Labour’s housing plans will use land twice size of Milton Keynes, expert says

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Green fields equivalent to double the size of Milton Keynes will need to be used to meet the government’s housebuilding pledge, according to one of the country’s leading urbanists who has said planners should take “confident bites” out of the green belt.

The demand for land resulting from Labour’s promise to build 1.5m homes in its first term could be even higher if previously used brownfield land is not exploited, according to David Rudlin, an expert in new towns who has been in talks with the new government.

If Labour stayed in power for two terms, land the equivalent of one-and-a-half Birminghams would be taken up to build 3m homes even if 60% of homes were built on previously used land, he said. If no previously used land is found, that rises to three-and-a-half Birminghams.

The figures reveal the scale of the challenge facing the government as it attempts to boost housebuilding and tackle the housing crisis in the face of voters’ resistance to building on green fields in their own areas. The last government’s attempts to loosen planning rules to build more homes on open land fell foul of nimby (not in my back yard) rebellions.

Rudlin and his team were awarded the £250,000 Wolfson economics prize for their vision of a new kind of garden city in 2014. He is now calling for Labour to switch from the development of car-reliant housing estates spread around the edges of towns by private developers to a more strategic approach in which local councils decide on the best sites and “take ‘confident bites’ out of the green belt by allocating a few large urban extensions”.

Each would have about 3,000 to 5,000 homes, dozens of shops at subsidised rents, and schools, creating a sense of a unique place. They would be surrounded by open land or woods so people in the existing neighbouring settlement would not feel they were being overwhelmed by sprawl.

“[The green belt] shouldn’t be immutable,” Rudlin said. “[We need] the ability to loosen it occasionally, to redraw it. It shouldn’t be abandoned or eaten away.”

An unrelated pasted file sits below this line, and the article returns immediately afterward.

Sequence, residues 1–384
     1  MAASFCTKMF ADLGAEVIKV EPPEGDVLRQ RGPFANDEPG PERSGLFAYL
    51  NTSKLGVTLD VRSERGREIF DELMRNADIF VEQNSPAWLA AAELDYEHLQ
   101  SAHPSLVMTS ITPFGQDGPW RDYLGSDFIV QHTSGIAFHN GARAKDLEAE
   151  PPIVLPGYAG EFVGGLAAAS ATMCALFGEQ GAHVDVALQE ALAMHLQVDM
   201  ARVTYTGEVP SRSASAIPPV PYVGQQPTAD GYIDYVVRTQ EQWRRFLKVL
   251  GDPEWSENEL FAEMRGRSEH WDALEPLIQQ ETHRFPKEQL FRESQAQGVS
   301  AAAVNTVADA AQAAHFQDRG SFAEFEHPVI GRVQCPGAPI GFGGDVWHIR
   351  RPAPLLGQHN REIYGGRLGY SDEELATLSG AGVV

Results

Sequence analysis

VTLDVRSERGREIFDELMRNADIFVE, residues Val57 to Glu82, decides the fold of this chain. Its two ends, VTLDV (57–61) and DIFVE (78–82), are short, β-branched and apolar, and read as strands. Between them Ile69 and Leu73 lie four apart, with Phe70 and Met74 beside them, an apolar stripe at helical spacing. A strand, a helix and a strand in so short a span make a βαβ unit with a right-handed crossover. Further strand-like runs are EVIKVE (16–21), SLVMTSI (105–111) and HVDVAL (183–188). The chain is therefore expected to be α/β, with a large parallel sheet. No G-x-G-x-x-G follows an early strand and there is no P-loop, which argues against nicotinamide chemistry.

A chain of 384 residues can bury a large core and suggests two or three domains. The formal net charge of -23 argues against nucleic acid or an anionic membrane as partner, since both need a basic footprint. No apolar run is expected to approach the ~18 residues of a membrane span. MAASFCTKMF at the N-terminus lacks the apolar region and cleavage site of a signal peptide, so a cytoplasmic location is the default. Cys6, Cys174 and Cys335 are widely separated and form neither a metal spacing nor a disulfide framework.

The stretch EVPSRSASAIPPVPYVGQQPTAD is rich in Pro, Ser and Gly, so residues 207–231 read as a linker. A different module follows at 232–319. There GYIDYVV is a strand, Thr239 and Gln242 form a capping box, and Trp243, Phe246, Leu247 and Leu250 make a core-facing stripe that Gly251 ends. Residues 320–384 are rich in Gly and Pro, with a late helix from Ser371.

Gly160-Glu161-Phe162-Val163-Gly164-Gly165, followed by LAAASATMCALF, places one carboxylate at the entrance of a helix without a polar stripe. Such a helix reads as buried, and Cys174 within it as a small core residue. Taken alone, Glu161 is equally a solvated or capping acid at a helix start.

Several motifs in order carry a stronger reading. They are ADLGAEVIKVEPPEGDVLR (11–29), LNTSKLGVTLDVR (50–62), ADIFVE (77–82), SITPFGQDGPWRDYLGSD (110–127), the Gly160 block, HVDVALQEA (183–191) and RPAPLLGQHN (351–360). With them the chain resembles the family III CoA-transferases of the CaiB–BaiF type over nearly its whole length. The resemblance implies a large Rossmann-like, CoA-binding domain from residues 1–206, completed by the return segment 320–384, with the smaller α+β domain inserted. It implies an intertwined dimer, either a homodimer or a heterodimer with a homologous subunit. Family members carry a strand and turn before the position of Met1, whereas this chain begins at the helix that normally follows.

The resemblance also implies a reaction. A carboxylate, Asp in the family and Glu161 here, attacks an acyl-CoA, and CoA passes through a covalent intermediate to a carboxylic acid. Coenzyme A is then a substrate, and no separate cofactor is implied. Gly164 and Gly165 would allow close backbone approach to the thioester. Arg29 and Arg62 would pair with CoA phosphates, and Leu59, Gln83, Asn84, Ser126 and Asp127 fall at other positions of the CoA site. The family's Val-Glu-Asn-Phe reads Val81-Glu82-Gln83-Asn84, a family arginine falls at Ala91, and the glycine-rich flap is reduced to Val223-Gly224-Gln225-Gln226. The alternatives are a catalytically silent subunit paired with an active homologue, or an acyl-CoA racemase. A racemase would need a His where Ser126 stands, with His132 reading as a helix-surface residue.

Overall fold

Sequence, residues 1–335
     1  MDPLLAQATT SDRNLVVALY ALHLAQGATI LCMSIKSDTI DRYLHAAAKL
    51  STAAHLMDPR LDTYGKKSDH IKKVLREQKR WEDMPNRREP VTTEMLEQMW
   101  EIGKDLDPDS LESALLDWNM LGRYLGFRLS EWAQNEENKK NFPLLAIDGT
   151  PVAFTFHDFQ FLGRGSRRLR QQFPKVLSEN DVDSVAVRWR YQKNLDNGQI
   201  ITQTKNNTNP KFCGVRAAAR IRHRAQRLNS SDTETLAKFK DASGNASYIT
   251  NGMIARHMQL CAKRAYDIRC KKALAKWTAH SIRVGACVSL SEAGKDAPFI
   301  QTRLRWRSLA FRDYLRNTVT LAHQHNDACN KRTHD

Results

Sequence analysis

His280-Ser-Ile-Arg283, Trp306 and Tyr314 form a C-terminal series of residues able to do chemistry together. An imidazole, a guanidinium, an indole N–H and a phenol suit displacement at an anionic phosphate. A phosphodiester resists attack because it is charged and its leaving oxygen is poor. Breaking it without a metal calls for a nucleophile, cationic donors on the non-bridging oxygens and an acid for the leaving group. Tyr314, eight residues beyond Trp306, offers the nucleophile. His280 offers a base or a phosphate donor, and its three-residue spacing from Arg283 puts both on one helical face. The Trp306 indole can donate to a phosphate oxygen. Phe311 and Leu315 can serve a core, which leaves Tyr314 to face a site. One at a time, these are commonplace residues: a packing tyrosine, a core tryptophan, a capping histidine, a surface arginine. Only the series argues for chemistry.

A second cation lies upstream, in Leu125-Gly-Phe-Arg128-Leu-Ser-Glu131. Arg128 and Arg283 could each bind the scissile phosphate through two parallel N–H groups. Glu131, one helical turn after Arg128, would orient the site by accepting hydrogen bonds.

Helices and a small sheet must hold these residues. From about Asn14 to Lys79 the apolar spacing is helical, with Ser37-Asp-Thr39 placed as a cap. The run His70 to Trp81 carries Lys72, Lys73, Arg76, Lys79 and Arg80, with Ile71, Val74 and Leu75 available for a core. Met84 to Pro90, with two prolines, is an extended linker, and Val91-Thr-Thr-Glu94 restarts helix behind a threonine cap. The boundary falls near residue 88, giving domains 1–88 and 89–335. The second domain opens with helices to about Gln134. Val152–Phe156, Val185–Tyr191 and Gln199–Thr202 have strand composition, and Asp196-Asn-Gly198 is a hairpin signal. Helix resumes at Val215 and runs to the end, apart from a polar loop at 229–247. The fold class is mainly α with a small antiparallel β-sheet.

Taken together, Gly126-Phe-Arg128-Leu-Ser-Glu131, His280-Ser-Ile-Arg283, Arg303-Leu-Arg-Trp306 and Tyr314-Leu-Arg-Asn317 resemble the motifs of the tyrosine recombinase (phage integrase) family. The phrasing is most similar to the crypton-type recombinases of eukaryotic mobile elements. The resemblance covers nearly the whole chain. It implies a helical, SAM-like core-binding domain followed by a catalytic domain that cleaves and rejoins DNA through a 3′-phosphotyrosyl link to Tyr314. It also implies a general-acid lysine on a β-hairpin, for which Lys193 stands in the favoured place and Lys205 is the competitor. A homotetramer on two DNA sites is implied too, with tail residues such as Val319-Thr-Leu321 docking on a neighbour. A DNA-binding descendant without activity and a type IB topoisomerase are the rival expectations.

On Monday, the chancellor, Rachel Reeves, announced changes to the planning system to boost housebuilding, including the restoration of mandatory local housebuilding targets and the relaxation of restrictions on building on parts of low-quality green belt, which Labour has termed “grey belt”. Green belt is land protected under planning rules to prevent urban sprawl, whereas green fields are open land.

The government said half of all homes on such sites should be classed as affordable (typically 80% of market rent or less) and it would require plans to improve existing green spaces and create new ones.

County councils immediately pushed back, saying “housing targets should not be overwhelmingly allocated, or re-allocated, to county and rural areas” with a warning about excessive pressure on roads, schools and health services.

Hinting at disputes to come, the Conservative Wiltshire councillor Richard Clewer, housing and planning spokesperson for the County Councils Network, said national targets “cannot be an effective substitute for local decision-making” and “there should be a fair distribution of housing across England”.

As part of its housing push, Labour has pledged to build a generation of new towns with “beautiful buildings and tree-lined streets” and previously said a new town commission would be set up within six months of an election win, with a list of sites decided on within a year. The last successful new towns initiative stalled in the 1970s after the construction of places such as Stevenage and Milton Keynes. Attempts by Gordon Brown and David Cameron to build, respectively, ecotowns and garden cities largely failed.

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But Rudlin said any new towns were unlikely to be anywhere near the scale of Milton Keynes, which has grown to 287,000 residents over the past half century.

“It is no longer possible to build a garden city from scratch,” he said. “We just don’t have the ambition to build another Milton Keynes, so we end up proposing free-standing ‘garden cities’ that are small and unable to support local facilities.”

Nicholas Boys Smith, the interim chair of the government’s Office for Place, also said that “very often” new towns should be urban extensions.

“New towns should be in areas of high demand [and] they should make use of existing, possibly enhanced, infrastructure such as trains,” he said.

Boys Smith runs the charity Create Streets, which last month published a “new towns code” for Labour’s use. The code suggested designs with Victorian- and Georgian-style mansion blocks and terraces, which deliver more homes per hectare than current volume housebuilders normally do.

“These scenarios can deliver more homes on less land than the conventional volume housebuilder model, thereby reducing the impact of development on the environment,” it said.


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